Example sentences: The little girl had a pink hat.
VERB - (Action Word)-:
A verb shows an action or state of being. A verb shows what someone or something
Examples: go, speak, run, eat, play, live, walk, have, like, are, is
1. I like Woodward English.
2. I study their charts and play their games.
ADVERB - (Describes a verb)-:
An adverb describes/modifies a verb, an adjective or another adverb. It tells how,
where, when, how often or to what extent. Many adverbs end in -LY
Examples: slowly, quietly, very, always, never, too, well, tomorrow, here
1. I am usually busy. Yesterday,
2. I ate my lunch quickly.
PREPOSITION - (Shows relationship)-:
A preposition shows the relationship of a noun or pronoun to another word.
They can indicate time, place, or relationship.
Examples: at, on, in, from, with, near, between, about, under
Example sentences: I left my keys on the table for you.
CONJUNCTION - (Joining word)-:
A conjunction joins two words, ideas, phrases or clauses together in a sentence
and shows how they are connected.
Examples: and, or, but, because, so, yet, unless, since, if.
Example sentences: I was hot and exhausted but I still finished the marathon.
INTERJECTION - (Expressive word)-:
An interjection is a word or phrase that expresses a strong feeling or emotion.
It is a short exclamation.
Examples: Ouch! Wow! Great! Help! Oh! Hey! Hi!
Example sentences: Wow! I passed my English test.
Great! – Ouch! That hurt.
English has two articles:
The is used to refer to specific or particular nouns; a/an is used to modify
non-specific or non-particular nouns. We call the the definite article and a/an
the indefinite article.
the = definite article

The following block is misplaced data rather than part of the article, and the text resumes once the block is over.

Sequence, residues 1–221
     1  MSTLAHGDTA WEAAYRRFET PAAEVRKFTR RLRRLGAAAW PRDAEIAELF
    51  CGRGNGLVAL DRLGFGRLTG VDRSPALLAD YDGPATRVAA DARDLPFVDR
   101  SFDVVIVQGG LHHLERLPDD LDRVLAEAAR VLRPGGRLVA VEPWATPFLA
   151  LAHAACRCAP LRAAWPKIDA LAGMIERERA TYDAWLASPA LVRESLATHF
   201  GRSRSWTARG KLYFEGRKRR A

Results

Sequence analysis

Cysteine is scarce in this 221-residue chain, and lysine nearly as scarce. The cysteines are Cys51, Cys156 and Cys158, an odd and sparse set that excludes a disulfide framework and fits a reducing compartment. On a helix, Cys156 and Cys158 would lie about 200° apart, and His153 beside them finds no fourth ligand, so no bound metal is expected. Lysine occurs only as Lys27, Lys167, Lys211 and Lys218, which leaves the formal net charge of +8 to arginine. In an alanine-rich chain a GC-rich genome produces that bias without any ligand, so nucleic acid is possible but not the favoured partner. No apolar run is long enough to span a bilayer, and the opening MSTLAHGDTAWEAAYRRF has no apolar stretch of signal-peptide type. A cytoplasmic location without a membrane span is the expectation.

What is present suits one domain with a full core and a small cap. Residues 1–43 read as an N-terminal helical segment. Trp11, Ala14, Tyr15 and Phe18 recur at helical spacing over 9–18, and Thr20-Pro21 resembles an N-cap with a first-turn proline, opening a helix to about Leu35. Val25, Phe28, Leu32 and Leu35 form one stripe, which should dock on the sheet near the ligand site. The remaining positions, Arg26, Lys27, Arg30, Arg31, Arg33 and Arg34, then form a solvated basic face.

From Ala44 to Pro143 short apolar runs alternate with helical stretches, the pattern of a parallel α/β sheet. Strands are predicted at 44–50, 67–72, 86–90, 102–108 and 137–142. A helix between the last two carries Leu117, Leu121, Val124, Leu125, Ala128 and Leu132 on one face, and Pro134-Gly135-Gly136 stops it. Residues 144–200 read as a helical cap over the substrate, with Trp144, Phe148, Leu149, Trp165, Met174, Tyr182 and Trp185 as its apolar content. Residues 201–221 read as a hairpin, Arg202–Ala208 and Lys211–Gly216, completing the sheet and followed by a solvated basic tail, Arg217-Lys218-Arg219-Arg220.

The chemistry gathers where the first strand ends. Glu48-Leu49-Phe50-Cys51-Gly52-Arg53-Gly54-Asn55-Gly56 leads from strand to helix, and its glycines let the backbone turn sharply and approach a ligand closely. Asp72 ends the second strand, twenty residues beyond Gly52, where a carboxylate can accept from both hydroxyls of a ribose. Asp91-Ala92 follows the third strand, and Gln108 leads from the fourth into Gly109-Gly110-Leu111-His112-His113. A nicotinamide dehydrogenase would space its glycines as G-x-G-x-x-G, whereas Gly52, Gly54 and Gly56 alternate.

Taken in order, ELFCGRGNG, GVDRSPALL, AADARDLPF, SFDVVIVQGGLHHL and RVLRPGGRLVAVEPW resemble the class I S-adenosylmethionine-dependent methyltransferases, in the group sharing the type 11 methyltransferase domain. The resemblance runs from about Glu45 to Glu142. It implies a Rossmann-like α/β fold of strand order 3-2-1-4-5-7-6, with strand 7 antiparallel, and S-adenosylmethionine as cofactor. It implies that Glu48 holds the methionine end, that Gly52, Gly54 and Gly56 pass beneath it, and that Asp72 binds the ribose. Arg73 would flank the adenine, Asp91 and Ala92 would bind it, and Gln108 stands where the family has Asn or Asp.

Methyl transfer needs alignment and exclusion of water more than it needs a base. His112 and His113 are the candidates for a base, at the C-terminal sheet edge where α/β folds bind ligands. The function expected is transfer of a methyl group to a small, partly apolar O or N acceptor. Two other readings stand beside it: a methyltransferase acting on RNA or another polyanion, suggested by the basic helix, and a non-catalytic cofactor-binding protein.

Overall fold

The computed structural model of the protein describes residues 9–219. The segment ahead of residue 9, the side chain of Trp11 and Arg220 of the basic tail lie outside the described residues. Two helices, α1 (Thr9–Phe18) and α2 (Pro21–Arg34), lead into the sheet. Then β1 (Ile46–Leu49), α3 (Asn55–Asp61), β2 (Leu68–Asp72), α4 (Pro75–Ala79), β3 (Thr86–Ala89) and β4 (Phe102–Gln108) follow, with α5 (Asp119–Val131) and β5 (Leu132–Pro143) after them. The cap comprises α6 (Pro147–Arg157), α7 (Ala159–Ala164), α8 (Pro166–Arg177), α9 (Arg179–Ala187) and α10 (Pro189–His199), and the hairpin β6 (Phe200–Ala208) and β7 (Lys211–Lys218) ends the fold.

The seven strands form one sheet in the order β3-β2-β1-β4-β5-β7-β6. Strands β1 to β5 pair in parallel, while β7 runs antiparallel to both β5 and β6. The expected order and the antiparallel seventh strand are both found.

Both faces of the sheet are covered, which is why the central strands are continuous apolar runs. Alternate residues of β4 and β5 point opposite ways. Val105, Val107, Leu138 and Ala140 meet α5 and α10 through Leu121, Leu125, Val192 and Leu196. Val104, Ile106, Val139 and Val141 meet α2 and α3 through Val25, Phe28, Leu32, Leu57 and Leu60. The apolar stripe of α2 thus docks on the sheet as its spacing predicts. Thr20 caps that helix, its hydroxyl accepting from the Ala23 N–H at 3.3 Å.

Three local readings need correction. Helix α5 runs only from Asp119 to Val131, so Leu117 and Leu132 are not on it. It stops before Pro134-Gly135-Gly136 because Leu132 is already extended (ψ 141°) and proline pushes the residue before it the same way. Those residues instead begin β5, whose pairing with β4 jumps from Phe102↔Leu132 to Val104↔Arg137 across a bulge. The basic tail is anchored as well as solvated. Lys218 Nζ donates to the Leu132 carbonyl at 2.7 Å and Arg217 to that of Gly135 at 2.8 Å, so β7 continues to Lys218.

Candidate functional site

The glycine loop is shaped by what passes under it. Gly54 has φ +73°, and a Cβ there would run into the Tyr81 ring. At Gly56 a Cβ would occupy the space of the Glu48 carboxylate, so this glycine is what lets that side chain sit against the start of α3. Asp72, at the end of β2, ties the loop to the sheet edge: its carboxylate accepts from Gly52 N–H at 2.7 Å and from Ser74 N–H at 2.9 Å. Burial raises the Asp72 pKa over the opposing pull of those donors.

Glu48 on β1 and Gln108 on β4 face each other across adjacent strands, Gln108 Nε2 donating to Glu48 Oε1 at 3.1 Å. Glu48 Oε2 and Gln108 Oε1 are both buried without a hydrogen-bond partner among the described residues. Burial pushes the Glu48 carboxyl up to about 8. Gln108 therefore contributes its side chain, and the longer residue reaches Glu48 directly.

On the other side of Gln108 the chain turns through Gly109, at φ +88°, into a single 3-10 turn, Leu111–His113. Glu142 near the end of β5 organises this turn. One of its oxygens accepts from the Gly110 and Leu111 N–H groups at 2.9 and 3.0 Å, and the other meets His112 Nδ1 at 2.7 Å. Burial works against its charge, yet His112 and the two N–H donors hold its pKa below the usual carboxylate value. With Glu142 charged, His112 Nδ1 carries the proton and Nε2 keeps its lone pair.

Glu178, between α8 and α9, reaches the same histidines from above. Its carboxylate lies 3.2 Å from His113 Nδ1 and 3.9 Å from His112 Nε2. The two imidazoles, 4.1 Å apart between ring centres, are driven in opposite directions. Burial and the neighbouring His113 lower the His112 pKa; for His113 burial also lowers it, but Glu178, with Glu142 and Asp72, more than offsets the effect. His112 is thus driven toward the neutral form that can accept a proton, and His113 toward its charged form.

a/an = indefinite article
When to use The-:
Use the before singular and plural nouns when the noun is specific.
"The teacher I spoke to at the school was very friendly." - Here we are talking
about one specific teacher (the one I spoke to).
When to use A/An-:
When we are referring to any member of a group we use a/an. It is not important
which one we are talking about.
"I want to buy a new car." - There are many types of car. It does not
matter yet which type I want.
Compare this sentence with:
"I want to buy the car we looked at yesterday." - We use the here because we are
talking about a specific car (the one we looked at).
When NOT to use articles-:
A and the are not used with...
"Boys like soccer." - This sentence is ok because we are talking to boys in general
"The Boys in my school like soccer." - This is ok because we are talking about
specific boys (the ones in my school).
"Pollution is a problem." - Pollution is an uncountable noun (a mass noun).
"The pollution in my town is a problem." - This is ok because we are talking about a specific location.
"There is some pollution in my town." - This is ok because some tells us about the amount of pollution.
"There is a pollution in my town." - This is NOT ok because a is only used with countable nouns (a car, a boy) and pollution is uncountable. Water, traffic and s
now are other examples of uncountable nouns.
Don't use articles with real nouns i.e. the names of people or places.
We DO NOT say: "I want to visit the Spain."
Paragraph Writing -:
Paragraph Writing -:
In the English language, paragraph is a fundamental unit of composition.
A forest of a paragraph consists of several sentence grouped together
to talk about aim and subject. does, if paragraph is essentially a collection
of sentences that relate to one Central topic.
Rules for writing a paragraph-:
Give the paragraph uniformity
Give the paragraph short
Use topic sentences
Leave out unnecessary details
End the paragraph with a concluding sentence
A paragraph is usually judged on the following criteria:
1. Introduction( including title)
2. Support/ explain
This is further the divided into-
Expression( fluency, grammar and spelling)